Clarifying the Confusion: PSA and Plaza Casino Trading Card Vending Machine

PSA and Plaza Casino's trading card vending machine
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Amid confusion, Professional Sports Authenticator (PSA), the largest grader of trading cards, is bringing clarity to the situation surrounding a vending machine at the Plaza Hotel & Casino in downtown Las Vegas. The machine at the casino hotel and others like them are not owned by the grading company, but the one at the Plaza sported significant PSA branding, causing confusion among customers.

“This machine, however, is not owned, operated, or controlled by PSA in any capacity. Despite this, this third party’s test run of their machine has unfortunately created some confusion as to PSA’s involvement,” said the company in a recent post on X (formerly Twitter). “We are working with the vendor in real-time to adapt the look and feel of these machines to feature less-prominent PSA branding and/or make it clearer that they own and operate these machines, not PSA.”

The vending machine at the Plaza and others like them are owned and operated by PSA licensed dealers. The machine is said to be located at the back of the casino near the sportsbook.

Casino: An Appropriate Place for a Trading Card Vending Machine

Arguably, a casino is an appropriate venue for a trading card vending machine because customers are essentially making bets. In the case of the machine located at the Plaza, a $50 “minimum bet” is required with customers guaranteed of getting a PSA 10 — the company’s highest grade — Pokémon or sports card along with a group of other ungraded cards.

Trading cards fluctuate in value, so it’s possible that buyers using the vending machine can come out ahead or behind on their initial $50 “investments.” Such price action is also a long-term phenomenon in trading cards, meaning buyers can experience appreciation or loss over months and years.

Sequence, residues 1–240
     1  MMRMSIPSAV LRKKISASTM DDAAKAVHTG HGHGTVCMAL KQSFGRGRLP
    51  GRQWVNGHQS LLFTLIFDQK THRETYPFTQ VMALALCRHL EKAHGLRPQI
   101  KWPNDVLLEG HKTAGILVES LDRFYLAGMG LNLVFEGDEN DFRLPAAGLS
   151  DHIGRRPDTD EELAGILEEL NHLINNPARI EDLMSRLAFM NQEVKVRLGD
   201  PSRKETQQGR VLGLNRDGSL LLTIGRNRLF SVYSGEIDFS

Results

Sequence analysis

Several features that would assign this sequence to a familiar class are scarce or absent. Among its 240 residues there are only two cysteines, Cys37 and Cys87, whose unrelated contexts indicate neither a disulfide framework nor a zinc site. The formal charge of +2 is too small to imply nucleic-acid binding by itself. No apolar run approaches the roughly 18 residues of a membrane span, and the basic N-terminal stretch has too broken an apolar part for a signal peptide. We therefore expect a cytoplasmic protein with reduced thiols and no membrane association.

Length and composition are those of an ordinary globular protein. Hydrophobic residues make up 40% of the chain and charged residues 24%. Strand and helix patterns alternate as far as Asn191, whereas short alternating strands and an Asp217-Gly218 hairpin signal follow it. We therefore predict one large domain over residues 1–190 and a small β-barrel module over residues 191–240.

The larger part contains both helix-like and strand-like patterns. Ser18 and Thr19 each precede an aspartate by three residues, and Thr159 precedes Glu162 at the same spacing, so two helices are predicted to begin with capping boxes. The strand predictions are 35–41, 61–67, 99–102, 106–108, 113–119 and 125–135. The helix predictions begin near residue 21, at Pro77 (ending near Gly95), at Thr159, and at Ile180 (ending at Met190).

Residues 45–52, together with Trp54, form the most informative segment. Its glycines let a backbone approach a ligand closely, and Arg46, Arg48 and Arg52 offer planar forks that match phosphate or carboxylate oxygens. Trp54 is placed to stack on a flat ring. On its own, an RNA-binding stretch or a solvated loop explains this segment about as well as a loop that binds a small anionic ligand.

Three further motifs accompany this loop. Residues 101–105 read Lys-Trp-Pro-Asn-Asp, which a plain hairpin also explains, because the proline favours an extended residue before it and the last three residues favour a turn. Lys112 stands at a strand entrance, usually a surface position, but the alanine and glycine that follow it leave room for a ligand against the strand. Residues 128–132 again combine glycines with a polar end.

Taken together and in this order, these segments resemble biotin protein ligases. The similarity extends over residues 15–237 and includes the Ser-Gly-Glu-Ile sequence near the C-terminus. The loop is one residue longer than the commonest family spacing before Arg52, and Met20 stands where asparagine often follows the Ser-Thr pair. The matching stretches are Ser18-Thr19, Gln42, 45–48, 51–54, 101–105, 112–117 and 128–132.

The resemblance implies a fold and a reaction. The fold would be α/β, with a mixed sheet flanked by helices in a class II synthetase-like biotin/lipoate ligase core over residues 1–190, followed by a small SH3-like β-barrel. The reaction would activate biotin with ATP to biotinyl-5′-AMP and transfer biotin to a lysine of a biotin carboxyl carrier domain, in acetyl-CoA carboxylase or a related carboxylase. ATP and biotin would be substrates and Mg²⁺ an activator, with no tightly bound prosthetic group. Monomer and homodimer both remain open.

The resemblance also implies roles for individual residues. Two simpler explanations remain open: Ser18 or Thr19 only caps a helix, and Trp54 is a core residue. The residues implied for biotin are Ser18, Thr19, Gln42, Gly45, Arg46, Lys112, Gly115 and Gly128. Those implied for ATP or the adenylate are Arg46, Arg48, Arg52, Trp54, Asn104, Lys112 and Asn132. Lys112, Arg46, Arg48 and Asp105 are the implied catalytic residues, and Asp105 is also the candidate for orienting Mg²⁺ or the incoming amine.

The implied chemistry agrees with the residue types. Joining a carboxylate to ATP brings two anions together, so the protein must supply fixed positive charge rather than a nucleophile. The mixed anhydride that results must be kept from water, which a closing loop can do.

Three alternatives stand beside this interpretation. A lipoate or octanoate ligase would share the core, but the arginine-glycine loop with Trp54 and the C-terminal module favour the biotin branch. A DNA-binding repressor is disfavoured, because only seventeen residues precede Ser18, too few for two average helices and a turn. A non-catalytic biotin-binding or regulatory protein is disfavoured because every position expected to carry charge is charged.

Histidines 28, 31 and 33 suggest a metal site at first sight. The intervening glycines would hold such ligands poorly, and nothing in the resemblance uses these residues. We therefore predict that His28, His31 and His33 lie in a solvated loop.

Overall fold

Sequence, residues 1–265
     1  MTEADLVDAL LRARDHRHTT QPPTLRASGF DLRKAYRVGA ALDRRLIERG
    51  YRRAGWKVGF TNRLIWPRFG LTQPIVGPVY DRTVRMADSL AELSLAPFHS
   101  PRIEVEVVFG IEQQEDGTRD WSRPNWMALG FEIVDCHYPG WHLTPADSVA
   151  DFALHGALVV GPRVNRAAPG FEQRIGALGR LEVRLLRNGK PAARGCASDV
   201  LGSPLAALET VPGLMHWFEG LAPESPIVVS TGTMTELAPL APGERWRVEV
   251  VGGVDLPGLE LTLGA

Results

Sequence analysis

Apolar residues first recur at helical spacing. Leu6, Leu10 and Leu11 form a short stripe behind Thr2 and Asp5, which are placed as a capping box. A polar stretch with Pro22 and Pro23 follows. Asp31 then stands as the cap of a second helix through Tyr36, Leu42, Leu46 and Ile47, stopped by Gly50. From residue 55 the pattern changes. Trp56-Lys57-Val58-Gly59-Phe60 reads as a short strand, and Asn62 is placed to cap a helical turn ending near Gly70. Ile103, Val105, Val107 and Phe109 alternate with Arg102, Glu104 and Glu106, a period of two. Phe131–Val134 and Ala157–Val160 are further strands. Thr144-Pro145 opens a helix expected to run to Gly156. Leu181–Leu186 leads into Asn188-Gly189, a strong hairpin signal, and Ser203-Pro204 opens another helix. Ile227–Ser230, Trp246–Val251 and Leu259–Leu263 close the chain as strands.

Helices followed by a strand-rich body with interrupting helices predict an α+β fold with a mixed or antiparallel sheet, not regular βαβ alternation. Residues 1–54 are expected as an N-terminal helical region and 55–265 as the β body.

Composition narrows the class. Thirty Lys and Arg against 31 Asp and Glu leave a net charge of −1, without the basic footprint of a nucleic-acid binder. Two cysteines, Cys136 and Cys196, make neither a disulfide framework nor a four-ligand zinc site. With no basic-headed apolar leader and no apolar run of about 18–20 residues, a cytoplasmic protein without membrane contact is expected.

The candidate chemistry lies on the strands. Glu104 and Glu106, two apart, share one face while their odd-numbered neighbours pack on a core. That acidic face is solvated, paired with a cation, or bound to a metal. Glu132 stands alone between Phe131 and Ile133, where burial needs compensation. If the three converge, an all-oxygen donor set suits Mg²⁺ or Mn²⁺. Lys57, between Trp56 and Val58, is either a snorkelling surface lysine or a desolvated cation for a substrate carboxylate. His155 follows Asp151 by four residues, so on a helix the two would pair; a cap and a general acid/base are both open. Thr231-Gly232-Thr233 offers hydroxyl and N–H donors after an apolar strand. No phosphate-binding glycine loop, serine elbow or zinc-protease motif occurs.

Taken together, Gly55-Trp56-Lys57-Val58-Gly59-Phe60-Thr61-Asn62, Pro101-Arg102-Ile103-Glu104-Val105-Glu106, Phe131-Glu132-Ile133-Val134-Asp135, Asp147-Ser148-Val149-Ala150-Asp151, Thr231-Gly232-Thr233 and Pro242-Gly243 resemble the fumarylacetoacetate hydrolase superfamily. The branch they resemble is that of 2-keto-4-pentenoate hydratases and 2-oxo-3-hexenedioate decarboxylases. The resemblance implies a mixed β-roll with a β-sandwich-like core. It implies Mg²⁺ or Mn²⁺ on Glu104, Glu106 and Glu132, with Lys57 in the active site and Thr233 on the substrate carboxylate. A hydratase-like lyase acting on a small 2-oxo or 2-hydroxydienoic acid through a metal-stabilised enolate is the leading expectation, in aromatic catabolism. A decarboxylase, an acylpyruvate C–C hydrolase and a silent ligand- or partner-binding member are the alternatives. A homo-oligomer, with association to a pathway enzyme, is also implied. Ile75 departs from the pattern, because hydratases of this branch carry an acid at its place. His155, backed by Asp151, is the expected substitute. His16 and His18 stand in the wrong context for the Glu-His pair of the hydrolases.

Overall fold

Specific to the machine at the Plaza, there are some reports of minor successes with buyers noting they’ve won Pokémon cards graded PSA 10 valued at $35 to $45. Two weeks ago, a Reddit user posted a video claiming he pulled two Pokémon cards from the Plaza vending machine worth $50 apiece, doubling his initial “pull” of $50.

Who Is Cannon Rock?

Cannon Rock LLC is the operator of the vending machine at Plaza, and reports have surfaced that PSA is still working with the company while attempting to correct some of the branding missteps that caused confusion with the device at the downtown Las Vegas gaming venue.

“Cannon Rock Incorporated (CRI) is a worldwide corporation specializing in automated retail solutions for the collectible industry. Our corporate partnerships with Nintendo, Pokémon, and DMVI have helped establish us as the fastest growing company in the automated retail space. With partners in Denmark, Japan, Canada, Germany, & various states throughout the USA, we’re working diligently to innovatively bring our products to customers throughout the world,” according to the firm’s LinkedIn page.

The firm was founded in 2021, according to LinkedIn. Pokémon authorized vending machines are found in seven states, but Nevada isn’t one, noted Pokémon Center.

PSA’s move to address the confusion surrounding its involvement with the Plaza Casino vending machine highlights the complexities that can arise with third-party operations and branding. It underscores the importance of clear communication and proper branding to avoid misleading customers, ensuring that they understand who is responsible for the products and services they are engaging with.